With a tagline of “Make a Heart. Save a Heart,” it might seem incredible that the company, Novoheart, can actually manufacture a live heart.
Founded in 2014, after 15 years of research, the company can do just that and has created what they call “heart-in-a-jar.”
“Our technology is unique in that after much testing and developing we are able to build a heart with human tissue that can be used to test the efficacy of drugs,” explains Kevin Costa, chief scientific officer. “It’s a huge breakthrough that has many future applications to ensure better health with the ultimate goal of preventing heart problems.” The company is currently working with a number of both large and small pharmaceutical companies.
The potential of this technology was recognized back in 2015 when the “human heart in a jar” technology was selected by Google’s Solve for X as a Moonshot project.
The company uses stem cell, bioengineering and AI to produce these hearts. The product, whose official name is Human Ventricular Cardiac Organoid Chamber, is the only macroscopic human cardiac tissue model on the market that is capable of mimicking fluid pumping similar to a natural heart.
In layman’s terms here is how the process of production works. (To get a better understanding be sure to watch the video below.). First blood is drawn from a patient, placed in a petri dish and reprogramming factors are added to the cells which cause the cells to be reprogramed to become stem cells. These new cells are called iPS cells. These cells differentiate and become heart cells which are made into cardiac strips. Using ten million heart muscle cells it can be made into a human mini-heart.
What’s especially unique about this heart is that it’s personal so it can be used to test a particular patient’s reaction to drugs. The goal is to better predict the effect of new pharmaceutical compounds on the human heart early in the development process before clinical trials. Applications include cardiac toxicity screening, disease modeling, functional assessment and regenerative studies.
Technologies include a suite of drug discovery tools of human bioengineered heart tissues, as well as hardware and software tools for measurement and analyses using machine learning approaches.
“Machine learning has been a valuable tool as data sets become numerous and AI can take out unintentional bias,” explained Dr. Bernard Fermini, chief research and development officer.
“We have had to overcome a number of technical issues to create this system and in fact, we manufacture the housing for the heart,” says Costa.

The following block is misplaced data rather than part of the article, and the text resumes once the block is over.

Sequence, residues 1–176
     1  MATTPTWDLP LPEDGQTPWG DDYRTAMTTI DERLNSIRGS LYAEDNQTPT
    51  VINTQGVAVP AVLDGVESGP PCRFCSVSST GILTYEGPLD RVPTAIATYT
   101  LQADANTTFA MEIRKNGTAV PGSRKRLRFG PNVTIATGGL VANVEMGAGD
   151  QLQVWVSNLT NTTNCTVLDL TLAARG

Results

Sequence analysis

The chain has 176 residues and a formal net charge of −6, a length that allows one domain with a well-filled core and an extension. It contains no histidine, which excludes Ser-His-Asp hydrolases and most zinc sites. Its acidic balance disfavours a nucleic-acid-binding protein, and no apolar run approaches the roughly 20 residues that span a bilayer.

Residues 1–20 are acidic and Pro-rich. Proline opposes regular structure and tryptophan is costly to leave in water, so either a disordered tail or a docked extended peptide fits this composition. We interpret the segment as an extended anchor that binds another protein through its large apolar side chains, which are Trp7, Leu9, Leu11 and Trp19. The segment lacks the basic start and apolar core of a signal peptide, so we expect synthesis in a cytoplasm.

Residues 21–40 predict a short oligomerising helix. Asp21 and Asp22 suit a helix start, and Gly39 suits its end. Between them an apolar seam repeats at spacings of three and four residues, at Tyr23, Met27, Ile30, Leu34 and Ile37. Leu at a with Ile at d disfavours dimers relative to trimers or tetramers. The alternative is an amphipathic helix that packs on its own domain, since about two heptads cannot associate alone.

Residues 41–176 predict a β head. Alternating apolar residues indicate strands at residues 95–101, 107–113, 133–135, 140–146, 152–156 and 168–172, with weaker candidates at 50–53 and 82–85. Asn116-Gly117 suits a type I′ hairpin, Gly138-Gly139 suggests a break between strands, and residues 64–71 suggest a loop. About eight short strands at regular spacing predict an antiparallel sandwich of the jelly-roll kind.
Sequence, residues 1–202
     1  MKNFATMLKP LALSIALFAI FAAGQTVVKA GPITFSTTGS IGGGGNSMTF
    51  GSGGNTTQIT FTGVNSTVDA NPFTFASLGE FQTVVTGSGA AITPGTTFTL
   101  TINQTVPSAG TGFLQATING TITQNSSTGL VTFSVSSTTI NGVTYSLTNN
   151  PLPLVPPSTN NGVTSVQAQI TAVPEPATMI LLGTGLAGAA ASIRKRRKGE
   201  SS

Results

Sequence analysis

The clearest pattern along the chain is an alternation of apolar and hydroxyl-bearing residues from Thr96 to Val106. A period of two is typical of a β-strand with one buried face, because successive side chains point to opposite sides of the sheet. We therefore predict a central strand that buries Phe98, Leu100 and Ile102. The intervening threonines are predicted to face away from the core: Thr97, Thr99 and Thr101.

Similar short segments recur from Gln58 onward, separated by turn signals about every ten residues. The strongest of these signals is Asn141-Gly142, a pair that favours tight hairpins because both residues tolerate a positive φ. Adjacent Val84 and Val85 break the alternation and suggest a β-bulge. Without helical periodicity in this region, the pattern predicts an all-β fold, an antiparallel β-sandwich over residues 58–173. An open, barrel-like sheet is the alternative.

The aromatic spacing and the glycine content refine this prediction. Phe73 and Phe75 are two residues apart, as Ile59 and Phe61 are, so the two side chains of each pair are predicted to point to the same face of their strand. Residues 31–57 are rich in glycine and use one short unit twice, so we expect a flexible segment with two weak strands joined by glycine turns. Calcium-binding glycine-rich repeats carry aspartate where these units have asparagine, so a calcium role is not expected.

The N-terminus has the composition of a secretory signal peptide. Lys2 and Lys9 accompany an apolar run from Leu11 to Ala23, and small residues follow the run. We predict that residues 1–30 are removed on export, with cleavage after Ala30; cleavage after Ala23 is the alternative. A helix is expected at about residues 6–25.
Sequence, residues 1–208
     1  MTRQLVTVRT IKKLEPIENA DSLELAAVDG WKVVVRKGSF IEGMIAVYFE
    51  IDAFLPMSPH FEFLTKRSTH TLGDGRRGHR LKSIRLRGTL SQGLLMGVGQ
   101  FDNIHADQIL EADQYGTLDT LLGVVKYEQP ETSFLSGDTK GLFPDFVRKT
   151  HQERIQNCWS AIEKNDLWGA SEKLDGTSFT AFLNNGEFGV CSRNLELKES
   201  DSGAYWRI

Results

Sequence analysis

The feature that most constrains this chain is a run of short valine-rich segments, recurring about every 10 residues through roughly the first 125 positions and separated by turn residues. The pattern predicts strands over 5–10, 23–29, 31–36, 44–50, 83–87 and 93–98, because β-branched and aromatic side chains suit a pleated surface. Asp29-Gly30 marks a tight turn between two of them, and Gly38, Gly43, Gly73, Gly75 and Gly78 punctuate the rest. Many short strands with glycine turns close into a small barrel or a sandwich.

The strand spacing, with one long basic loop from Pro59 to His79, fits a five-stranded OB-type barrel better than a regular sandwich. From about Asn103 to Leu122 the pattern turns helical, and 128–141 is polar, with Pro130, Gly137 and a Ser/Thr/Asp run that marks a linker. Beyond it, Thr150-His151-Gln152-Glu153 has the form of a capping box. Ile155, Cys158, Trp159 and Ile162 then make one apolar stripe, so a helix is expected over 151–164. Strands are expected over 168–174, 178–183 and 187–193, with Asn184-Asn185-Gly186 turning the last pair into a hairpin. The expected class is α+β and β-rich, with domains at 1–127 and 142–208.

The company has moved so far along in the process that they are entering into agreements with other companies to ramp up full-scale production.
In October of 2018, the company entered into a service agreement with Xellera Therapeutics Ltd. to build clinical-grade human stem cell libraries for the development of cell-based therapies. Phase one will focus on the first steps towards Xellera building a Good Manufacturing Practice facility for generating clinical-grade human stem cell lines, initially within the Southern Chinese population.
This arrangement will allow Novoheart to build a new bank of clinical-grade, haplotype-matched human heart cells to develop cell-based heart therapies, and will further expand its offering into clinical applications, in addition to preclinical drug discovery and screening.
“The work we’re carrying out in this service agreement provides an exceptional opportunity to translate our pioneering technologies and experiences in heart engineering into developments of clinical therapies that will have direct benefits to patients," said Costa.
“This is an exciting partnership that represents our commitment to regenerative medicine.”
Regenerative medicine, which involves tissue engineering and molecular biology which deals with the process of replacing, engineering or regenerating human cells, tissues or organs to restore or establish normal function, is the end-goal of Novoheart. The company’s heart can serve as a prototype for next-generation transplantable grafts for regenerative heart therapies.
And toward that end, the company is now developing a custom-made “heart bandage” to repair damaged hearts.
While that might seem like a lofty goal it is within reach for this company. As CEO Ronald Li said in an interview with TMX Group: “Our goal is to revolutionize the process of drug discovery.” And they are already on the path to achieving that goal.